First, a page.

THE BEST AMERICAN SHORT STORIES 1989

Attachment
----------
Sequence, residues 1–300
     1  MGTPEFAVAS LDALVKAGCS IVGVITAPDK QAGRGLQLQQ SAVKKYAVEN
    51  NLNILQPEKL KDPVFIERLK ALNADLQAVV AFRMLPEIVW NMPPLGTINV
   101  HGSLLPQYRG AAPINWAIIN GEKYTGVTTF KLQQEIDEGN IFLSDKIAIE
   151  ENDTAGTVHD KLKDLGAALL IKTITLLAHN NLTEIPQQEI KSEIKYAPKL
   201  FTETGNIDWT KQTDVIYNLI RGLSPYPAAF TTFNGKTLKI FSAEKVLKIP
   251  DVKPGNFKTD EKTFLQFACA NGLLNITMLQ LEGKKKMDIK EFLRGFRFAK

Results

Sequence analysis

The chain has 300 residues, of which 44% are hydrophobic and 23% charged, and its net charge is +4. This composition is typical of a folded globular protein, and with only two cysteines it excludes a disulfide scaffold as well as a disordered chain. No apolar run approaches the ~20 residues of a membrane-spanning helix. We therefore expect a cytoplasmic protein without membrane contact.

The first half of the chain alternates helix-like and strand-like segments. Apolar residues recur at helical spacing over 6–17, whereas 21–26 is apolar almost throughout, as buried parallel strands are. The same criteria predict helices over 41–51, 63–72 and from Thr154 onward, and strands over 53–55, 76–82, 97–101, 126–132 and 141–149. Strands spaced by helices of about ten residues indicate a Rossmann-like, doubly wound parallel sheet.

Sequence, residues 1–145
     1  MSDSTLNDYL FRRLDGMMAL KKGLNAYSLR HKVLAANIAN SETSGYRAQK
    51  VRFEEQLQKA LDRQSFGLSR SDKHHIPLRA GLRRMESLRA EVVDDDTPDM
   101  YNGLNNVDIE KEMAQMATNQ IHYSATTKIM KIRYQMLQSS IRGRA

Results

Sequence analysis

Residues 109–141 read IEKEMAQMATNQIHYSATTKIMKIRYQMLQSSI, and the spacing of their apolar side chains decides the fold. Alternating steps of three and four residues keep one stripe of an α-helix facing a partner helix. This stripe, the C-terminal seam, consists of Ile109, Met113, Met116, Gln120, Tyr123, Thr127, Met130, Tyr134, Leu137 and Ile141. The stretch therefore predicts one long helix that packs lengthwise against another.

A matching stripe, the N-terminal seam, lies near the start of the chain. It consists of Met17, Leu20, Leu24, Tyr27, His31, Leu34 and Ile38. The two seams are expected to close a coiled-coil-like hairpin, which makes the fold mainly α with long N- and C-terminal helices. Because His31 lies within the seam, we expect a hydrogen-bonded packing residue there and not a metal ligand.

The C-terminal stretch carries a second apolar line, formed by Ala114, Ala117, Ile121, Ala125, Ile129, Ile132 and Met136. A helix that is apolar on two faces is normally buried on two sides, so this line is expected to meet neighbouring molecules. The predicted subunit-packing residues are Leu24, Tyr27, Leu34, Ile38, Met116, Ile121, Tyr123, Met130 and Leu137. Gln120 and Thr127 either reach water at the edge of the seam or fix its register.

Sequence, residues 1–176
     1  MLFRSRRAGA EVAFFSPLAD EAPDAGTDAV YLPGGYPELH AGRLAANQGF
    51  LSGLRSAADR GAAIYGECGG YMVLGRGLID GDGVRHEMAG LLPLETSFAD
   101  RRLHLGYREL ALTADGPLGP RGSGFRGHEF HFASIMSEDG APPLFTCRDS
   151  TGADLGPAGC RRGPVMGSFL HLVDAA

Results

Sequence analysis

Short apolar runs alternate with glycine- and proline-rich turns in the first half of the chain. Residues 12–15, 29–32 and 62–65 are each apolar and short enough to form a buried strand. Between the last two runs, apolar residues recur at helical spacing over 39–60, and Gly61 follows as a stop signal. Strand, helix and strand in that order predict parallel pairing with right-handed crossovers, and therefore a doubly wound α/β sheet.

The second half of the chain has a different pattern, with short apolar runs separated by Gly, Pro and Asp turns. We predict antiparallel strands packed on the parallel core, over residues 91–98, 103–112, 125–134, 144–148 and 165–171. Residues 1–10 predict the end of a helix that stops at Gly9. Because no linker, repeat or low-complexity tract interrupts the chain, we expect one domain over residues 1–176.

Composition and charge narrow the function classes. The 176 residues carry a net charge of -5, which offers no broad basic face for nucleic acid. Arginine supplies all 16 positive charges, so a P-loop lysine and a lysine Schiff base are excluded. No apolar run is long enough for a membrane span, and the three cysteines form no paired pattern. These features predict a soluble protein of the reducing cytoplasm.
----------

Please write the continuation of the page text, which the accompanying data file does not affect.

Novelist Atwood writes a mild, conventional introduction to her choices for this year's Best, which themselves are mostly mild and conventional stories. Three stand out, however--Bharati Mukhergee's large-feeling-ed "The Management of Grief"; Michael Cunningham's ash-tasting "White Angel"; and Robert Boswell's semi-pulp but very effective "Living To Be A Hundred." Blanche McCrary Boyd and Larry Brown weigh in with strong works of voice, style of narration overcoming slightness of material. But the rest--even from solid performers like Mavis Gallant and Alice Munro--are not the strongest stories imaginable for a cream of the crop. Atwood reaches out to include Canadians and an Oriental writer (David Wong Louie) and a Native American one (Linda Hogan), but the fictions themselves are less than stellar and often quite predictable in angle and attack. Meanwhile, Rick DeMarinis, in "The Flowers of Boredom," does provide a context for his story--a defense contractor--that is very different, the world of work separated from the other stories' more common private emotions; and it oddly serves to make the rest seem fairly hothouse-ish by comparison.